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Complete lies! (01/2024)

Staging is just part of the game.

Text: Harun Maye

The media have a significant impact on all election campaigns and distort reality. Media Studies scholar Harun Maye sees no harm in this.

Trump riding a bear down a street between sky scrapers
Fake news. (Image: University of Basel, AI-generated by Benjamin Meier)

Democratic societies rely on the media, including everything from the traditional mass media (books, newspapers, radio, TV) to the digital technologies of the present day. All forms of media are supposed to not only heighten public awareness of political issues and problems, but also scrutinize and reveal the intentions of political actors.

Nowadays, however, this role is being made increasingly difficult due to growing mistrust in not only the traditional mass media but also social media, both of which are accused of manipulating public opinion for the benefit of latent interests.

A political and media-historical caesura.

In other words, there are two competing perspectives: On the one hand, the view that secrets and concealed structures exist in political systems and can only be brought to light by critical media coverage. On the other hand, the suspicion that the media distort the truth in order to manipulate the public. Common to these two very different perspectives is the assumption that the media wield considerable power over politics. For proof, one need look no further than the history of U.S. presidential elections.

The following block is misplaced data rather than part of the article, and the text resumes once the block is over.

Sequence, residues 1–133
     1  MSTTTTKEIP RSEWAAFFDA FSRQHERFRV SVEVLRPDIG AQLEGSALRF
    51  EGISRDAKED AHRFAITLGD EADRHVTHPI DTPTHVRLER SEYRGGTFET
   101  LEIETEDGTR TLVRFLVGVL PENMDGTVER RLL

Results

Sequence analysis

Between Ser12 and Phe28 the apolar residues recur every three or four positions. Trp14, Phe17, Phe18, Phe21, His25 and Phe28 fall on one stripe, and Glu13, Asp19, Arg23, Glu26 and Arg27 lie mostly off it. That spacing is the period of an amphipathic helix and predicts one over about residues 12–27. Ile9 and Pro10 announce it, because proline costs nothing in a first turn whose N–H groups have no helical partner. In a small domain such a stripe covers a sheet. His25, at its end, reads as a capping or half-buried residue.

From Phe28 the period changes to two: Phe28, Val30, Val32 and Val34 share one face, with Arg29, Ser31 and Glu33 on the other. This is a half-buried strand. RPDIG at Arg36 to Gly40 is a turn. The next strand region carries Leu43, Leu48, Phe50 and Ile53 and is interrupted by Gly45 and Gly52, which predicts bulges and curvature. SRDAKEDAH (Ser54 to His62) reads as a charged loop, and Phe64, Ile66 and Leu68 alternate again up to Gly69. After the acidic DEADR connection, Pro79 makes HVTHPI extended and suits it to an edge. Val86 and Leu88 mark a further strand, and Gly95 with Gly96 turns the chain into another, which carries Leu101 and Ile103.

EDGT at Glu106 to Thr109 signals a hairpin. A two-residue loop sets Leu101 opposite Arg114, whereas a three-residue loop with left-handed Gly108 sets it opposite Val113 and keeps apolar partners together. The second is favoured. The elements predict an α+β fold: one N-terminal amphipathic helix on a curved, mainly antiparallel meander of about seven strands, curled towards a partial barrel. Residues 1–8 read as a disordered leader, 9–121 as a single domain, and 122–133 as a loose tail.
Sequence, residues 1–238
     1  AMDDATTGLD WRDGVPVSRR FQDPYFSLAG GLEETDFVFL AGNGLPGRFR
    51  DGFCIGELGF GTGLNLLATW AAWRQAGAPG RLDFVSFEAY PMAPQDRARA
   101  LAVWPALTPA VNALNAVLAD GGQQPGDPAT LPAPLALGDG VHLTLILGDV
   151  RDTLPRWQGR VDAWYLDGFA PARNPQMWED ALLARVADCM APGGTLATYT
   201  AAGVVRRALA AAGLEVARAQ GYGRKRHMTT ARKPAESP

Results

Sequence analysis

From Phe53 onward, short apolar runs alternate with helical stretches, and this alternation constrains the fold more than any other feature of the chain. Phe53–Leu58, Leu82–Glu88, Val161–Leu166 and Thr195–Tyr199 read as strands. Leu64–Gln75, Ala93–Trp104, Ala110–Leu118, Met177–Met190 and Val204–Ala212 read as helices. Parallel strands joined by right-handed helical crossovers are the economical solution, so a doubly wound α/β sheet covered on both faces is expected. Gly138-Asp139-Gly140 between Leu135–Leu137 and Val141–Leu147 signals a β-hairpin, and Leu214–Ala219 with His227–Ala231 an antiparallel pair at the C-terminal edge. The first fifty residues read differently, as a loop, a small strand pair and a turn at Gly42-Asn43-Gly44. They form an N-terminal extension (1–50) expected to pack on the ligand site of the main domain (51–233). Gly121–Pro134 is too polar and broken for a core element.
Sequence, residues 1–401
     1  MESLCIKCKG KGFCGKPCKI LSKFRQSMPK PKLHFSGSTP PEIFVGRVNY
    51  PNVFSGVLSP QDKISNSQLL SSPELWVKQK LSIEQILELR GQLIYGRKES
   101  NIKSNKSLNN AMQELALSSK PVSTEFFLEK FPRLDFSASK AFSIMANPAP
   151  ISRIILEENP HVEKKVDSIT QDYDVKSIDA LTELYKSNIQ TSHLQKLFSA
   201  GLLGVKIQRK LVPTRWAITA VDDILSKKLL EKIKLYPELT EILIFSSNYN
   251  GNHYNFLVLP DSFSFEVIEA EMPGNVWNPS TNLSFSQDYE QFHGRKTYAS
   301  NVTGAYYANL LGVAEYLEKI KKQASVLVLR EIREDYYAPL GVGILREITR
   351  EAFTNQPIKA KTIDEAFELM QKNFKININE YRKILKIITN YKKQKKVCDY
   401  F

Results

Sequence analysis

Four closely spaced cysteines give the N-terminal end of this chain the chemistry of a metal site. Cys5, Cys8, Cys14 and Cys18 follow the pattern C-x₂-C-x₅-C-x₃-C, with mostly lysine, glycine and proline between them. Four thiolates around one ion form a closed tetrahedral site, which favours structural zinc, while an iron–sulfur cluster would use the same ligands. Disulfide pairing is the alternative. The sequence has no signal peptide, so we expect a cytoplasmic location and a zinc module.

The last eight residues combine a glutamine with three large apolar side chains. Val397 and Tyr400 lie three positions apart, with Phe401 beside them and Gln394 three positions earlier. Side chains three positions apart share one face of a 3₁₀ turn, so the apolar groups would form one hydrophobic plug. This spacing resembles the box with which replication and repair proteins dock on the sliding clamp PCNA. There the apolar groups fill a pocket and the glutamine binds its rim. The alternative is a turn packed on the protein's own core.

The Canadian philosopher Marshall McLuhan, who laid the foundation of media theory in the 1960s, frequently refers to the 1960 U.S. presidential election in his work. This election proved to be a turning point not only in politics but also in media history. After the nominating conventions, polls placed the Republican candidate, Richard Nixon, six percentage points ahead of his Democratic rival, John F. Kennedy.

This situation would soon change due to the relatively new medium of television, which had become so established in the USA in the 1950s that, by 1960, 90 percent of American households owned a TV. On 26 September, 1960, almost all of those households tuned in to watch the live broadcast of the first televised head-to-head between Nixon and Kennedy. Three more of these debates would follow in the run-up to the vote on 8 November, 1960.

Kennedy was the first true “TV politician”, who knew how to use the new medium to his advantage. According to McLuhan, Kennedy’s image was that of a shy young sheriff, whereas Nixon’s TV persona was more akin to that of the railway lawyer who negotiates deals that are not in the interests of ordinary people.

Multiple factors influenced how the candidates came across on camera. Before the first debate, Nixon refused makeup, his face looked wrinkled and tired, and viewers could clearly see his stubble and the sheen of perspiration on his skin. His light-gray suit blended into the background of the TV studio.

Kennedy, on the other hand, wore a dark-blue suit that contrasted with the background – and the makeup made his face look cool and dynamic. Nixon would presumably have won in the absence of the TV debate, as those listening to the Kennedy–Nixon debates on the radio clearly perceived him as the superior candidate.